Wastewater useful tool, but not made public in Toronto

There are other metrics that officials are using to measure the spread of the virus.

"We have some other indicators and tools at our disposal, whether we're looking at wastewater surveillance, [or] understanding what the situation is with outbreaks in long-term care homes and other health-care institutions," de Villa said.

"These are the kinds of indicators that can help us assess and understand what's happening in our community."

Raywat Deonandan, an epidemiologist and associate professor at the University of Ottawa, told CBC News that he sees wastewater surveillance as "probably the best objective tool.

"Hospitalization only shows the serious peak of the iceberg," he said.

Evan Mitsui/CBC
Evan Mitsui/CBC

Public data for wastewater is available in Ottawa, but not in Toronto. Officials from Toronto Public Health (TPH) did not answer when asked why that is the case.

"Toronto Public Health (TPH) does not currently post this novel data source publicly; however, we regularly monitor the trends observed as information that is supportive to other primary data sources," TPH said in an emailed statement. "These data and public health indicators are then used to inform our public health actions."

Test positivity rate still soaring

Experts also say the test positivity rate — meaning the percentage of tests that come back with a positive result — is similarly a useful tool for measuring COVID-19's spread.

Canada's national test positivity rate has sat at an astonishingly high 25 per cent over the past week, meaning one in four Canadians who have been tested are positive. In Ontario, things are even worse, with Public Health Ontario reporting a positivity rate of 29.2 per cent Thursday.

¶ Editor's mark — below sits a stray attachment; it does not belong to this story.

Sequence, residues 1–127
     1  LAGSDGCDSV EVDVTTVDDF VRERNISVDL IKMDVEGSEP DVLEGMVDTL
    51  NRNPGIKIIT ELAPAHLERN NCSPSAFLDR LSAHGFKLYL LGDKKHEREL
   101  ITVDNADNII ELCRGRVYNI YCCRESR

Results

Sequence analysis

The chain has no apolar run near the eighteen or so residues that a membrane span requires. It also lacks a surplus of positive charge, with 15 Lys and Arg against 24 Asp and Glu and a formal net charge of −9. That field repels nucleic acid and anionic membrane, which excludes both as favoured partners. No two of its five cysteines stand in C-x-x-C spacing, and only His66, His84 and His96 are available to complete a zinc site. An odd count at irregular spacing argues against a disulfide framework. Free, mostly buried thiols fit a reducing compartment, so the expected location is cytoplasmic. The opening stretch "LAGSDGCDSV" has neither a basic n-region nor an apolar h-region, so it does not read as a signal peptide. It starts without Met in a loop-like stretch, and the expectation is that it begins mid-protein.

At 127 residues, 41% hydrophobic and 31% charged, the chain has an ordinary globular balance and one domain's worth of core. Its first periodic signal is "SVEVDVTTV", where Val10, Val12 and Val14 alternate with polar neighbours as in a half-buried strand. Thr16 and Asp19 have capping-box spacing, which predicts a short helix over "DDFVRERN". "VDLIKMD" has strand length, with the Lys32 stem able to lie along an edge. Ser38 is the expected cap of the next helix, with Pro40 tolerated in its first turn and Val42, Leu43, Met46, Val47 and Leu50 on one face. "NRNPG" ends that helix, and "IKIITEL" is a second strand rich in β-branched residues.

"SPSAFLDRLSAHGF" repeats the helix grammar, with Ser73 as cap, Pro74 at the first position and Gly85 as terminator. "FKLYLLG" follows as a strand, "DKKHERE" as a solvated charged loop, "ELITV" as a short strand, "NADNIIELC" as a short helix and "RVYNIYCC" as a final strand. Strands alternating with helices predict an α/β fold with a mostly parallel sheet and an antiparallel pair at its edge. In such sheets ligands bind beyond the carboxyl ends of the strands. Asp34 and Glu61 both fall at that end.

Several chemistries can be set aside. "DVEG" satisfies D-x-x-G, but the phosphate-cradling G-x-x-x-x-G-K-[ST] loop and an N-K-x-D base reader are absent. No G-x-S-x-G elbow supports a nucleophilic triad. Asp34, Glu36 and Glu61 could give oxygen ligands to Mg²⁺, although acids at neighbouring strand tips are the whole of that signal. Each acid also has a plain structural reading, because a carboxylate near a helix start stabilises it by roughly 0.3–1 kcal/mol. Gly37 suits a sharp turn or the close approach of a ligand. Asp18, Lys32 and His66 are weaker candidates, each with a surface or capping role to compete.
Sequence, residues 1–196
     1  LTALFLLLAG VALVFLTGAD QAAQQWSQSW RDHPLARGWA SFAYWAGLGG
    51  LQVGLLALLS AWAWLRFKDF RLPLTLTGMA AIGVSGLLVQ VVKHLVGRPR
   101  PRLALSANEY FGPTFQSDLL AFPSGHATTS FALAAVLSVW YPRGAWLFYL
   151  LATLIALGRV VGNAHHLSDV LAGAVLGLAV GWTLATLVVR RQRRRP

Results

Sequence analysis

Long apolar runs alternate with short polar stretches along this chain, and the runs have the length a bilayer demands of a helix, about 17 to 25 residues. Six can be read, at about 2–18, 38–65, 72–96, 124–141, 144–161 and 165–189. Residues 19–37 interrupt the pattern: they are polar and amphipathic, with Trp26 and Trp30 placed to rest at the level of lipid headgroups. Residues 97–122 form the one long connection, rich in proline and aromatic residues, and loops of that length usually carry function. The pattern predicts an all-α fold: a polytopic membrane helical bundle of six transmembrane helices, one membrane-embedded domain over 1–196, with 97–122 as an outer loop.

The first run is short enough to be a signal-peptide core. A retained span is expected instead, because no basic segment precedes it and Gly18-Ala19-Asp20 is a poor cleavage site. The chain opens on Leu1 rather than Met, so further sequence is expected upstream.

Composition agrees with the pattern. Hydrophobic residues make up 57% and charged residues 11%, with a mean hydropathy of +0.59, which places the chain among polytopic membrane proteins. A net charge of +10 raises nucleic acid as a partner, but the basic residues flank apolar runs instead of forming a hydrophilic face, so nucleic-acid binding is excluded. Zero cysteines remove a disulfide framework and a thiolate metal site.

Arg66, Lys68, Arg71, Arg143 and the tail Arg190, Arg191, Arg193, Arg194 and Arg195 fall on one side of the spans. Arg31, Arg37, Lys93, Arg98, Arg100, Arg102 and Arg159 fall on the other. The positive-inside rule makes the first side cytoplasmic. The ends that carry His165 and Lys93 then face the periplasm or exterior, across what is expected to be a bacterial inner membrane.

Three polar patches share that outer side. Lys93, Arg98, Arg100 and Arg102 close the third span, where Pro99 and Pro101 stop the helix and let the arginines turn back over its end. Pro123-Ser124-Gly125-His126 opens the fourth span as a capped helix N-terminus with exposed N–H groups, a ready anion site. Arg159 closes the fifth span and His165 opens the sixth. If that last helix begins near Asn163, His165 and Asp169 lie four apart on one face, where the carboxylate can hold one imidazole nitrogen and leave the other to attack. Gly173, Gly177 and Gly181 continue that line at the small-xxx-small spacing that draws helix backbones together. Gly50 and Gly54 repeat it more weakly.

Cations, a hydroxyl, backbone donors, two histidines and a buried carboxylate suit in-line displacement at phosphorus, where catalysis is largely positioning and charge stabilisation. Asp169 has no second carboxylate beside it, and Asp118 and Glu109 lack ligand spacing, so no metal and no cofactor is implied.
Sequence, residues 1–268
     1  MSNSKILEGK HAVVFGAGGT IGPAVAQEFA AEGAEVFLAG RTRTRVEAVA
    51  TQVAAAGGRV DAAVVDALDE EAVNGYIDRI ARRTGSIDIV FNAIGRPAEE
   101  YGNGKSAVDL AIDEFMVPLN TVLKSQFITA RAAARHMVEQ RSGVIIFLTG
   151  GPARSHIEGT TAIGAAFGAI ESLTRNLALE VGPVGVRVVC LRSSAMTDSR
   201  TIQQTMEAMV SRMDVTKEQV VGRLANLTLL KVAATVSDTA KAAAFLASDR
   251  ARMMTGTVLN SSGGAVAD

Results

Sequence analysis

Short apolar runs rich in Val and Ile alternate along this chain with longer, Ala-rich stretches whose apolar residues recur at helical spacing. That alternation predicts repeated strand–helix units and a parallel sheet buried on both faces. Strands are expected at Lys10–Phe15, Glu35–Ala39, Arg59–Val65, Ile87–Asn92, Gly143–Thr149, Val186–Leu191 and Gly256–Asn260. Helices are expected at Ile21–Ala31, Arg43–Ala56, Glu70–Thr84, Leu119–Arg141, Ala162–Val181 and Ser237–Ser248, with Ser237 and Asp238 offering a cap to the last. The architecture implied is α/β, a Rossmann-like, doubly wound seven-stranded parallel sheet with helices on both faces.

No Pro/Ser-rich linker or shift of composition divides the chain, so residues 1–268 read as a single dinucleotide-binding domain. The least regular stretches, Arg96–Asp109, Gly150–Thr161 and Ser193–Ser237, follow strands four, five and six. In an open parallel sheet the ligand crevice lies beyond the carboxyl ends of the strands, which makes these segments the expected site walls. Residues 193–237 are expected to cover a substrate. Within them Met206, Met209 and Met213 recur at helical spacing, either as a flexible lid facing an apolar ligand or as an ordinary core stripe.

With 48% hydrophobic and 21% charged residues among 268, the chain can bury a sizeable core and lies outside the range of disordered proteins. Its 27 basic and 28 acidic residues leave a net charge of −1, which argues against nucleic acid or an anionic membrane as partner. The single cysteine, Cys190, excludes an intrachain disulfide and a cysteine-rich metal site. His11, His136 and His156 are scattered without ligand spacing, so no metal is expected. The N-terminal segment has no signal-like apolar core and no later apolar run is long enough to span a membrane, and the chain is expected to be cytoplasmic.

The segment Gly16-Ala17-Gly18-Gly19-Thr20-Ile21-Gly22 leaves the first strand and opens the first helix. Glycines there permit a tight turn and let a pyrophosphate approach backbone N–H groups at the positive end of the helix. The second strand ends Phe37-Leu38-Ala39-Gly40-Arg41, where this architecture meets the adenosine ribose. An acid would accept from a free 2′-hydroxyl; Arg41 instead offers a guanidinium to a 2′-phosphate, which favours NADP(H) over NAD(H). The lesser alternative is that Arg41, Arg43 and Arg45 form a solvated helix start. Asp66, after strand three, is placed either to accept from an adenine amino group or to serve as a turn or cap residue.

Deonandan said the positivity rate will stay high as long as transmission is occurring, but once it starts dropping, especially to single digits, that's a sign that people can start feeling more comfortable taking calculated risks again.

"When it starts coming down, that is to my mind a strong signal that we're past the peak," he said.

It is important to still note that Ontario's limits to who can be tested will skew that number as well, so it will not be as reflective of the entire population.

Chris Young/The Canadian Press
Chris Young/The Canadian Press

Sly said that without case counts as a reliable indicator of this wave, people will have to trust public health authorities to analyze risk based on a variety of metrics, and let them know when things are improving. That's a tall order, he said, given less-than-stellar messaging from politicians and variables that keep changing as understanding of the virus evolves over time.

"From the public's point of view, it's very difficult. They're confused from changing messages from many sources," Sly said, though he noted that on the whole, local medical officers of health have "done an excellent job" of informing people as best they can.

Deonandan, for his part, said anecdotal evidence will likely be more of a factor for people in this wave than in previous ones. While more limited spread once meant some people may not have known anyone impacted by COVID-19, just about everyone now knows someone who has had it, or they've had it themselves, he said.

"We're at the point where you can look out the window and see the wave go back out to the ocean."